Walton & Lonsbury

The Walton & Lonsbury Superfund site on North Avenue in Attleboro is shown in this aerial photo from 2013.

ATTLEBORO — Officials from the U.S. Environmental Protection Agency are ready to propose the next phase of what’s already been a decade-long cleanup costing millions of dollars at the Walton & Lonsbury Co. Superfund site on North Avenue.

A meeting to get input from the public has been scheduled for July 31.

A public information session will be held at 6 p.m. in the Attleboro Public Library on North Main Street followed by a public hearing at 7:30 p.m.

Work at the 3-acre site as well as in adjoining wetlands and neighborhoods — where the pollution, including cancer-causing hexavalent chromium, spread during the 67 years of of the plant’s operation — has already gone on for 10 years and has cost at least $15 million.

Immediate threats were remediated by 2014 and since then officials have been taking air, water and soil samples and analyzing them to determine the amount and extent of pollution as well what to do about it.

An EPA press release on Thursday said the next phase is expected to cost at least $22 million.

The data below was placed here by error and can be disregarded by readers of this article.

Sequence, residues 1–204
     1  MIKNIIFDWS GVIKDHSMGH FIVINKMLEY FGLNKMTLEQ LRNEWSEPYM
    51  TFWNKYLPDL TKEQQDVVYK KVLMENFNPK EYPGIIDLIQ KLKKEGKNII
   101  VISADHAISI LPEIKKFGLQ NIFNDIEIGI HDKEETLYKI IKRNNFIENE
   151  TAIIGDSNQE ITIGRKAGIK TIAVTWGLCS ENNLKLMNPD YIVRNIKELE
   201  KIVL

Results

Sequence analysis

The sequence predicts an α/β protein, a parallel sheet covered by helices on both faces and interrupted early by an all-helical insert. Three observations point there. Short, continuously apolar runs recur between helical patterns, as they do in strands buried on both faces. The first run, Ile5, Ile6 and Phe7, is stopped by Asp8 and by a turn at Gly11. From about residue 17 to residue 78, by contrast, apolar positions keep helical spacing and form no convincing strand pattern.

Work began in 2010 with an “emergency removal action” to eliminate “imminent threats.”

The plant was razed during that phase.

The project became a Superfund site in 2013, qualifying it for millions of dollars more in cleanup money, and the work was extended across North Avenue to the east. That’s where tons of soil from the yards of private homes was removed and replaced while barriers were put in place to prevent contaminants from leaching into top soil and Bliss Brook.

Part of the next phase could include the removal of lead-contaminated soil from the yards of a number of neighbors on the west side of North Avenue and the extension of the pollution barrier on the east side along Bliss Brook.

Since 2014, the EPA has collected reams of data on the type, amount and location of the pollutants which, beside hexavalent chromium, include trichloroethylene (TCE) and lead.

Walton & Lonsbury was a chrome-plating plant that operated at 78 North Ave. from 1940 to 2007.

For much of its history it dumped untreated pollutants directly into wetlands south of the plant.

The public is invited to submit written input on the proposed cleanup plan during a 30-day comment period from July 26 to Aug. 26.

To review the proposed cleanup plan and learn more about the Walton & Lonsbury Superfund site, go to www.epa.gov/superfund/walton .

Written comments may be mailed or emailed to:

Ethan Finkel

U.S. EPA Region 1 – New England

5 Post Office Square, Suite 100

Boston, MA 02109-3912

Fax: 617-918-0293

George W. Rhodes can be reached at 508-236-0432.

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